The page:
4 Ways to Use Your Food That Don't Involve Eating

By Ashley Marcin on 12 May 2015 0 comments

We all have to eat to live, but did you know food can do way more than satisfy an empty stomach? It's true. Your kitchen holds some pretty powerful tools for everything from soothing dry feet to staging your house for a quick sale. Check out these awesomely smart uses for your edibles — no chewing required.

1. Beautify Yourself

This avocado hair mask gives your tresses some major TLC. Combine one avocado with a quarter cup of olive oil and a tablespoon of lemon juice. Leave the mixture on your hair for 20 minutes. Then, wash out and dry to uncover silky smooth strands.

Those of you with dry feet should try this oatmeal foot mask straight away. First, bathe your feet in hot water and baking soda to soften. Then slather on the thick mix of rolled oats, flour, honey, and olive oil. It may sound crazy, but you'll look crazier walking around during flip-flop season with cracked heels.

And if your face isn't cooperating, cheer it up with this egg white and honey mask. The recipe is simple! Whisk together one egg and a tablespoon of honey. Apply to your face and let dry before washing off. Your skin should feel tight and deeply cleansed.

2. Ward Off Pests

If ants are cramping your style, try my mom's red hot secret — cayenne pepper. Just sprinkle the pepper around where you've noticed ants entering your home. They hate the stuff. It should stop them from continuing their onward march. Then add a dash to your chili that's simmering on the stove.

Some people swear by garlic — whether slivered, in supplement form, or rubbed directly on skin — to deter pesky mosquitos. Apple cider vinegar might have a similar repelling effect. Just beware that you might smell a little funky.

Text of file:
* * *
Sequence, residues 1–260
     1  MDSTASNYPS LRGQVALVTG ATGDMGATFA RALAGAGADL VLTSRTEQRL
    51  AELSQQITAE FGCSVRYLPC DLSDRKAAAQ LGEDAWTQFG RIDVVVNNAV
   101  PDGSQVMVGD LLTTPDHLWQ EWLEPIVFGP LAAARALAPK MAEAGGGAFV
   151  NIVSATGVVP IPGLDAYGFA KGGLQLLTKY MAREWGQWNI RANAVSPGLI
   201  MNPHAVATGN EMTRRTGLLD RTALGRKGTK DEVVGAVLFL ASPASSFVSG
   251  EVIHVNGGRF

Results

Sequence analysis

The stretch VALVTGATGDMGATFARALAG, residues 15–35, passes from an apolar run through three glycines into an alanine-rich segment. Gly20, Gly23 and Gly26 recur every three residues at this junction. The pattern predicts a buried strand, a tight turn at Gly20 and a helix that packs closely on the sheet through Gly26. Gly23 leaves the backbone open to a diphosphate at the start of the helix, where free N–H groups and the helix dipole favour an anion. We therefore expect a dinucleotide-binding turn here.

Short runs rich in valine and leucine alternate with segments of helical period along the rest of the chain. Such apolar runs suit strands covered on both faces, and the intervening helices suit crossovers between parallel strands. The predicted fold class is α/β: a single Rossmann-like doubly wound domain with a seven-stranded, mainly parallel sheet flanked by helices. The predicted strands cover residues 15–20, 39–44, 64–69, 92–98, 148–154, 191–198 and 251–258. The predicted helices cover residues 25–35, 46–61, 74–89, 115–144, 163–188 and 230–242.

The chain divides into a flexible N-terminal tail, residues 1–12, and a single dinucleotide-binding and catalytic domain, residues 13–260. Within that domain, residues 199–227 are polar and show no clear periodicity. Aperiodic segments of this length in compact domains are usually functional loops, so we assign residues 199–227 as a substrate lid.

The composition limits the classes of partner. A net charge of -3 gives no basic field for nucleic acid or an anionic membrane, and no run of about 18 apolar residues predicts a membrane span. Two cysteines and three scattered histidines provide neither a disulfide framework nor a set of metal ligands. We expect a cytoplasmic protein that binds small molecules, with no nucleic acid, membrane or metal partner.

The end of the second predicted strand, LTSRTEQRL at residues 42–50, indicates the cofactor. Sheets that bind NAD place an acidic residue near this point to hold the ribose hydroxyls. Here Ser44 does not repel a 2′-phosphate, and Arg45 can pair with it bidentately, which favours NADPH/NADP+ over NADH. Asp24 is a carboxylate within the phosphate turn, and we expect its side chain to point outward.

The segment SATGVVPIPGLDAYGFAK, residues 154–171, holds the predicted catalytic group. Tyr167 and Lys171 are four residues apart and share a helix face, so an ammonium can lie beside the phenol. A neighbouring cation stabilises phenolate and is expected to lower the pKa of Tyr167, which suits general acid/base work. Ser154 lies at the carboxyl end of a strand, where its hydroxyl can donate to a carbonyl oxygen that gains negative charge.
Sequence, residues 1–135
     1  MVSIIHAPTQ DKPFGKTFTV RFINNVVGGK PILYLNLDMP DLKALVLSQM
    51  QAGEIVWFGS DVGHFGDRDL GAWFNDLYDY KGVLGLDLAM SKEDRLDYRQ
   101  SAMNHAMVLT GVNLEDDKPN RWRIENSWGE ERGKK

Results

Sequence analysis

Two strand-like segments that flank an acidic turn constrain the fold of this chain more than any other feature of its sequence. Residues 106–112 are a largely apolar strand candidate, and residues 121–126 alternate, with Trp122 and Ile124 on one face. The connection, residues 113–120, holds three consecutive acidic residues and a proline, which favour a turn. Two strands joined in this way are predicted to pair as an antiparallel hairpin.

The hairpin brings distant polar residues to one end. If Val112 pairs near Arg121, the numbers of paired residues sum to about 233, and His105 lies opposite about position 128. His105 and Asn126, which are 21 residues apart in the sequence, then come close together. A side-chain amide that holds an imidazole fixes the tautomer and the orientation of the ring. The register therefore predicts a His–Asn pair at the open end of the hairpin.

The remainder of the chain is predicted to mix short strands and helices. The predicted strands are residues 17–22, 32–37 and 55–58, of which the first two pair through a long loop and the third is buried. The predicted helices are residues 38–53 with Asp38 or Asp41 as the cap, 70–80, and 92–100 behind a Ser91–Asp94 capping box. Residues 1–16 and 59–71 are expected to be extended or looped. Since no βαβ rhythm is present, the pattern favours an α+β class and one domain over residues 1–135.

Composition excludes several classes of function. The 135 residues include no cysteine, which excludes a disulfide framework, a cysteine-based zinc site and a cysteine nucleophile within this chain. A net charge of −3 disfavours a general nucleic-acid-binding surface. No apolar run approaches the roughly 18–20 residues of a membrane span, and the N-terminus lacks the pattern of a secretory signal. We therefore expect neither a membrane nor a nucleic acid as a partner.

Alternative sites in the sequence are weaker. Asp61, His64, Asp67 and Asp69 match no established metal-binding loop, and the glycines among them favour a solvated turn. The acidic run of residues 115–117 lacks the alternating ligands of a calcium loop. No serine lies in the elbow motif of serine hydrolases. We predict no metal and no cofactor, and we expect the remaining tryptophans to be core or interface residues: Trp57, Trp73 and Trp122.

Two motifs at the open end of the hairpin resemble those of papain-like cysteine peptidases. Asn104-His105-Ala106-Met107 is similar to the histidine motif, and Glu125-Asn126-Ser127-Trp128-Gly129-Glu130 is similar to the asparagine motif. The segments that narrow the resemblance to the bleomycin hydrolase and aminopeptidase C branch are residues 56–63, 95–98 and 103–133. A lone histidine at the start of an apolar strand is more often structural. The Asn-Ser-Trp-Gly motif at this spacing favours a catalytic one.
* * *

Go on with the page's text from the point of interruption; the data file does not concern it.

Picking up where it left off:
3. Clean Your Place

Lemon juice is naturally antibacterial and antifungal, so it makes a perfect cleaner for some of your dirtiest areas. Many spots — like your cutting board and kitchen counters — can be cleaned by simply rubbing the lemon on top, letting the juice sit a few minutes, then wiping away with a damp cloth. (See also: 25 Alternative Uses for Lemons)

Vinegar might be a great dressing for your salad, but there are countless ways you can use the tangy stuff for cleaning. My favorite way to use vinegar is in an all-purpose cleaner. Mix together vinegar with water in a 1:1 ratio, pour it into a spray bottle, and get scrubbing. (See also: 254 Uses for Vinegar and Counting)

4. Decorate Your Life

Citrus fruits are bold and bright. Before our first open house, our real estate agent told us to put some lemons and limes in a bowl as a cheap staging trick. Of course, you can keep the fun going all year round. I know some people who adorn their Christmas trees with citrus ornaments.

Clever couples even use food to decorate their wedding receptions. For example, apples and artichokes make a festive centerpiece for fall gatherings. These asparagus bunches, on the other hand, nest together to create an organic vase for delicate flowers.

Herbs taste divine in cooking. Why not decorate with them, too? This DIY wall garden is fabulous and functional all at the same time. (Plus, it cost less than $20 to make!) You'll assemble some glass jars, pipe clamps, and pieces of wood. Screw it all together, then add your dirt and plants. Herbs also dress up your outdoor areas with lush, edible greenery. Just remember to water them, and you're good to go.

How do you put your edibles to inedible purposes?

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